Sixteen Skis

By Beacon Staff

It is snowing really big snowflakes outside and there is not a breath of wind. A perfect day to make sure your goggles are shined up and your entire body is all tuned up and ready to enjoy a perfect day like this one promises to be.

If you want the best equipment to handle each condition of snow, you can do what a money manager friend of mine does. In his ski closet he has: pair No. 1 for hard-packed granular; pair No. 2 for freshly groomed powder; pair No. 3 he uses in one inch of new powder; pair No. 4 is for skiing in four to five inches of powder; pair No. 5 is for six inches of powder; pair No. 6 is when there is a foot of new powder; pair No. 7 is for skiing chutes when there is six inches or more of new powder; and pair No. 8 is when the ski patrol starts opening runs after a foot of new snow.

The cosmetics on the top of all of his skis are identical. He had the art work designed by a well-known artist in Venice, Calif., and the decals of the art work were done by a very good decal maker in Seattle. All of the skis and decals were created so not very many of his friends know that he uses different pairs of skis for each snow condition.

Unfortunately, the resort where his home is located has built too many lifts to the top of their mountain, so any time he skis after 10 a.m., he needs his hard-packed granular skis.

There is a reason why some people spend their entire ski career on a mountain that to a stranger is boring by the time they make their fifth run. But my friend knows where to park his car, where to eat lunch, where the after-ski drinks are both potent and cheap, where to get his edges sharpened, and just as important, where to take his current spouse for a quiet booth and a candle-light dinner.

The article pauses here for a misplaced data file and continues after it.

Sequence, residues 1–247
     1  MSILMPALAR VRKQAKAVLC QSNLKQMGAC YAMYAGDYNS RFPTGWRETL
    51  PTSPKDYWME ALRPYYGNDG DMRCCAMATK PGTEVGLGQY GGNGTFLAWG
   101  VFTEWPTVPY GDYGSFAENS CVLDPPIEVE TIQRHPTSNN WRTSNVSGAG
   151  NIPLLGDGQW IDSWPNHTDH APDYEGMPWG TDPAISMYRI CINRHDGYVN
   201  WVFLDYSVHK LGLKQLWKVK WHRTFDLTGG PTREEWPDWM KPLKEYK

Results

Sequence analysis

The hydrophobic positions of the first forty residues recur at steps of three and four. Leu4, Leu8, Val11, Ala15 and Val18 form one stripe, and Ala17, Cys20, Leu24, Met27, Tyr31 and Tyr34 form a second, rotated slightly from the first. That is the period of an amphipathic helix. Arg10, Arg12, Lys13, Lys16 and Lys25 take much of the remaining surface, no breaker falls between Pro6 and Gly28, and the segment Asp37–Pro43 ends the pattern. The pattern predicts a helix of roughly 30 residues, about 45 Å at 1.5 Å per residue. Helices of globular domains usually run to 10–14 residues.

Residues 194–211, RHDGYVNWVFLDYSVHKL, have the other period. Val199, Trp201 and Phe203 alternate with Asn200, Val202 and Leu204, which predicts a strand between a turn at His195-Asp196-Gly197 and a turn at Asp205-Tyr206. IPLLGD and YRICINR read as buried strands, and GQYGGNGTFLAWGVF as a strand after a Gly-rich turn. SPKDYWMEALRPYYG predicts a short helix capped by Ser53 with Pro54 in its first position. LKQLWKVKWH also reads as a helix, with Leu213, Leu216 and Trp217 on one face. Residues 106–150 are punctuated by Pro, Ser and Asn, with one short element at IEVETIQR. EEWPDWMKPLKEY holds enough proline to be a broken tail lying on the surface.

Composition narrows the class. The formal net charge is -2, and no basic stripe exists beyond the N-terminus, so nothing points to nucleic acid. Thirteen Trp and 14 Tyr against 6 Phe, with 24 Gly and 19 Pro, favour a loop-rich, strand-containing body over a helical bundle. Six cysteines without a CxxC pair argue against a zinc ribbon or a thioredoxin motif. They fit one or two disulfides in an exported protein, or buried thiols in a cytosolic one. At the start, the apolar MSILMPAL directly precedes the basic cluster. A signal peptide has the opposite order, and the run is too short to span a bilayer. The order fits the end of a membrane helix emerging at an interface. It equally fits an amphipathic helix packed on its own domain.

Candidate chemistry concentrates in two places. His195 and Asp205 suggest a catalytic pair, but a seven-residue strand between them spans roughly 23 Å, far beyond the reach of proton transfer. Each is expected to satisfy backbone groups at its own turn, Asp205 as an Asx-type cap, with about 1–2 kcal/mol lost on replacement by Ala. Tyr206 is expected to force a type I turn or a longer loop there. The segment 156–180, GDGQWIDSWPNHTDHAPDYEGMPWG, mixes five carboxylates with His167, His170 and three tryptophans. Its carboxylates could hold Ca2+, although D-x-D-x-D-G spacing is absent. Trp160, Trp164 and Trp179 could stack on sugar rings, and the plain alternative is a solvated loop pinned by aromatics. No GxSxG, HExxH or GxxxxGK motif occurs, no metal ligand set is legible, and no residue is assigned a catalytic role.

I think my friend with all of the skis has missed the most important reason to go skiing – that is because when you are at the top of a hill you are all set for a journey of freedom. You can go as fast or as slow as your mood takes you during your descent.
The self-imposed, “I’ve got to be somewhere else” is a self-fulfilling prophecy to a life of chaos. When talking to a very nice man from Hong Kong the other day, he said, “We have to start heading back tomorrow.” When I asked him “Why?” he had no answer. Unfortunately, the family from Hong Kong arrived home as scheduled, but all three children and his wife missed powder days.

When was the last time you skied on a Monday or Tuesday or both? You really owe it to yourself because the work that is waiting for you can wait another couple of days. Why not? Since that first day in the powder snow at Alta, Utah, at the end of 1946, I have seldom missed a chance to forget everything except being the first at the top of the mountain on a powder snow day.

For a lot of those powder snow days my skis were for my transportation to get to the best camera location to document skiers finding their freedom and bringing back those images for my annual tour and for the thousands of people who have supported my lifestyle all of these years when they bought a ticket to one or more of my movies. Do any of them need half a dozen or more pairs of skis? I don’t think so. Just warm clothes and couple of ski lessons to handle whatever snow is waiting for you on your next ski trip.

I can hardly wait to take my next ski run with my wife Laurie, who is such a good skier I can’t begin to keep up with her. However, she always waits for me at the bottom and your friends will wait for you at the bottom, too, so enjoy every turn!

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